Deferral Compensation

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An employer has a 401(a) plan with a pick-up of 4% of compensation and also has a 457(b) plan. An employee makes $50,000, so $2,000 will be picked up and contributed to the 401(a) plan. The employee is deferring 10% of compensation. Do you take 10% of $50,000 or $48,000? Is this dependent on the 457(b) plan's definition of compensation? I think no matter what the plan's definition of contribution compensation is it would be $48,000 because pick-up contributions are considered employer contributions.

Can you please confirm this. Thank you.

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The plan can define compensation any way it wants, for purposes of defining what a participant's election means. And in my experience, they typically define it to include the picked-up amounts as compensation, because most employees think of pick-ups as being mandatory employee contributions (even though for federal tax purposes, they are treated as employer contributions).

Let's look at it this way: The person who makes $50,000, and whose pick-up is $2,000, could clearly contribute $5,000. If for some reason the IRS were to take the position that the plan's definition of compensation had to be $48,000, the person could simply defer 10.42% of compensation instead of 10%. Why would the IRS care whether the plan said that the person was treated as deferring 10% or 10.42% of compensation?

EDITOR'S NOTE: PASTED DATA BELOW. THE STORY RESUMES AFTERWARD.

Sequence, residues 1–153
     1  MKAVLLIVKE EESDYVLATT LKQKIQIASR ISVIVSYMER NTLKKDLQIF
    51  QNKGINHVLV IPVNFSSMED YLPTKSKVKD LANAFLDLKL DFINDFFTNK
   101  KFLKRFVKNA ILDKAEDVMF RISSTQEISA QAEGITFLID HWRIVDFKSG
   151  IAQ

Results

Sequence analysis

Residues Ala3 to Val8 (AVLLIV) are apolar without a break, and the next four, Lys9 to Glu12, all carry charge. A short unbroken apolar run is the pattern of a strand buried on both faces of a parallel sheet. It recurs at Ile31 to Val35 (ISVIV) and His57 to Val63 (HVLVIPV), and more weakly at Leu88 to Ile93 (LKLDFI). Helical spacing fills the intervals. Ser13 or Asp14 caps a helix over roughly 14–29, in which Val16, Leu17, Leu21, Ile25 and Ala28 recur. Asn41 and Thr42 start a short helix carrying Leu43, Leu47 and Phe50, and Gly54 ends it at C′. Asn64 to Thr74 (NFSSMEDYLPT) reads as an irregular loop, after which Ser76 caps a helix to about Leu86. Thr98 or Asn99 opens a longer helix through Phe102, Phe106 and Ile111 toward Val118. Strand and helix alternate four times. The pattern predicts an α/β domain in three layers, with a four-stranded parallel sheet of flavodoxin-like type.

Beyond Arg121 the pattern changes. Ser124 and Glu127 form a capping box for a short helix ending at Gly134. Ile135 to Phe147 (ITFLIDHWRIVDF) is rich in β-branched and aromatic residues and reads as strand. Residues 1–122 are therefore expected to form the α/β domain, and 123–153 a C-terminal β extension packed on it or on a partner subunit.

Clearly, the maximum limit is no more than 100% of includible compensation, and includible compensation does not include pick-ups. But the 100% of includible compensation maximum limit is seldom relevant anyway. (It would apply only to someone whose compensation was less than $18,000, and few people with that level of compensation want to put the maximum into a 457 plan.) So what plans often do is to have a definition of compensation for purpose of determining deferrals that includes pick-ups, and a separate definition of includible compensation for purposes of determining the maximum which excludes pick-ups.

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